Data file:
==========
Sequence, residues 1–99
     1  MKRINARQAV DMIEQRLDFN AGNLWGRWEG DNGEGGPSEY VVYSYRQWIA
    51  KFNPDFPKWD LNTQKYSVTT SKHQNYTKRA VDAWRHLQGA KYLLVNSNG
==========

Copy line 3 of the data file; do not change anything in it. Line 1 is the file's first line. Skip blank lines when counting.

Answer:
    51  KFNPDFPKWD LNTQKYSVTT SKHQNYTKRA VDAWRHLQGA KYLLVNSNG